Freelance writer Mary Catherine O'Connor finds that a growing number of companies are proving the ways that they can make good financially, socially and environmentally (as the triple bottom line theory suggests).With that in mind, she contributes to Triple Pundit, as well as to Earth2Tech and other pubs focused on sustainability. She also writes The Good Route, an Outside Magazine blog that addresses the intersection of sustainability and the active/outdoor life.To find out more, or to reach her, go to

6 responses

  1. I’m an American living in Ireland and composting isn’t mandatory (I don’t believe) but is a widespread practice. I speculate that many people compost kitchen waste here due to cost savings. In Dublin at least, single stream recycling collection is free and easy. Many homes have 3 bins: gray for general waste, green for recyclables and brown for compost. For those living in an area where bins are not feasible (e.g. apartment blocks, urban homes, etc.) recycle bags are mailed free of charge and rubbish tags must be applied to all waste bags, which essentially amounts to a tax. On my street, we use the bags so unfortunately we don’t have a brown bin. Instead, I’ve made a small compost pile in the shared back garden of our cluster of houses and we have nearly eliminated all general waste. In the two months that we have lived here, we’ve only purchased one rubbish tag for a very small bag of trash when we first moved in that probably could have been eliminated, except I had not yet started the compost pile.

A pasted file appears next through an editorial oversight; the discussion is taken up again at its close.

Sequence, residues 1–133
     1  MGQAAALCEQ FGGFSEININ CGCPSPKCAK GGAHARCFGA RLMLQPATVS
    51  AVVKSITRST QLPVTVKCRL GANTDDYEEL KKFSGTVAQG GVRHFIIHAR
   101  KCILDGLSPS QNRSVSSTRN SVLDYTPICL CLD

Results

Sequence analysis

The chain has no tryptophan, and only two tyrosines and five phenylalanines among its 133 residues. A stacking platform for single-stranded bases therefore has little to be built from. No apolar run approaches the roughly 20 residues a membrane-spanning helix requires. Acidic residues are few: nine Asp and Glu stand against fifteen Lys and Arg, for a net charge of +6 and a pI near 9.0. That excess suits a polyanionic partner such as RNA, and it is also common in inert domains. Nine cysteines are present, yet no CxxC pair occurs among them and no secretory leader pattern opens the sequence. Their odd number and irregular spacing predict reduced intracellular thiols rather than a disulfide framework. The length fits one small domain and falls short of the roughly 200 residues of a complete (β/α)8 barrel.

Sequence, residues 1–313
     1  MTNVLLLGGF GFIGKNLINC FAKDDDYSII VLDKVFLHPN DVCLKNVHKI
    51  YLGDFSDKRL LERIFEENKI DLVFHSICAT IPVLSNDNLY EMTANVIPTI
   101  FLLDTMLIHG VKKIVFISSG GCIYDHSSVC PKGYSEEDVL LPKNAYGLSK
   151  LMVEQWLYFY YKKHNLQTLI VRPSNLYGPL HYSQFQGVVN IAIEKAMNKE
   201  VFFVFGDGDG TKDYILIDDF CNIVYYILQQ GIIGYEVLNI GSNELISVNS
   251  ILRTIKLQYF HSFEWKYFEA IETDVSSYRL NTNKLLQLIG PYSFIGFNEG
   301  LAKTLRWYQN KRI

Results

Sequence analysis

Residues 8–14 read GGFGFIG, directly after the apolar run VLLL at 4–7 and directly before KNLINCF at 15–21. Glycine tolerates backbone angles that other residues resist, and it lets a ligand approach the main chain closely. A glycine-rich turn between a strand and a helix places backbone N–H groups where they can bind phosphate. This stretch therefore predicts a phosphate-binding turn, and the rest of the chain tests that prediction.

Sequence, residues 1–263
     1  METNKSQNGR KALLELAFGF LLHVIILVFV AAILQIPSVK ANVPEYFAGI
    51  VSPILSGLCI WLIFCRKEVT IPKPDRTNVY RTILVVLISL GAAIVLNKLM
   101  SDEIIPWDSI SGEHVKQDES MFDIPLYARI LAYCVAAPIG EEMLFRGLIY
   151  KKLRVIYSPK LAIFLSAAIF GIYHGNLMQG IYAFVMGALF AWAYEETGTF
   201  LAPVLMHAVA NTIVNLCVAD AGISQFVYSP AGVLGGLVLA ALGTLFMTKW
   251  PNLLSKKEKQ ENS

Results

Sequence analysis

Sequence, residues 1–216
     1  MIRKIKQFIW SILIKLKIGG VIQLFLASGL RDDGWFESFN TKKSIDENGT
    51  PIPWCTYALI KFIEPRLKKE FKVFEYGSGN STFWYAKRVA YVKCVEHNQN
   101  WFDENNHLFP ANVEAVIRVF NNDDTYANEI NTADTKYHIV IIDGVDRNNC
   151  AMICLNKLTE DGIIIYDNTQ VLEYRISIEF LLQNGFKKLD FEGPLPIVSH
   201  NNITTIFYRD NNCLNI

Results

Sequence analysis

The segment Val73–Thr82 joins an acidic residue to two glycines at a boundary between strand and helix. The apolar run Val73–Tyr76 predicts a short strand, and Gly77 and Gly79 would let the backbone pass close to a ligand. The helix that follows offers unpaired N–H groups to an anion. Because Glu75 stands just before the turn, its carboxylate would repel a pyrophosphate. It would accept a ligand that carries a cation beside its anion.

Essentially we produce nearly zero waste and the compost pile was very easy to setup in even a tiny space. My only problem now is what to do with meat scraps and bones (not compostable): become a vegetarian I guess? Any suggestions?

  2. James: Well, of course! Becoming a vegetarian is the obvious answer! But a more difficult choice in practical matters in Ireland, perhaps, than here in Northern California. Then again, I wouldn’t have guessed that Dublin would be on the cutting edge of recycling, so I clearly have misconceptions.
    Thanks for the response and for sharing your experiences. It’s inspiring.

  3. Your mention of anaerobic digestion in the East Bay is key on this issue. If organic wastes of any type are gathered, it is far better to extract their energy value than to “compost” them. Composting simply wastes the energy value in the waste and makes a fertilizer that has a huge carbon footprint because of the methane emissions it entails. Waste energy is a terrible thing to waste. It should be put into either an anaerobic digester or a fast pyrolysis sysem.

    1. An interesting note: the East Bay system operated by EBMUD is having trouble with its biosolids-contaminated wastes (poop plus food waste). Perhaps we biodigest first, then fast pyrolize, this valuable but troublesome energy source? And send pure-food waste through from the biodigester to compost facilities without pyrolysis… compost+charcoal=damn good soil, if the ratios are right (a good start towards terra preta soils).

      I really want to see this happening on the east coast – I live in Asheville, NC, which is a pretty progressive little city with a lot of work to do on waste, despite its efforts. Anyone got any resources to check out/people to talk to/sites to recommend, etc?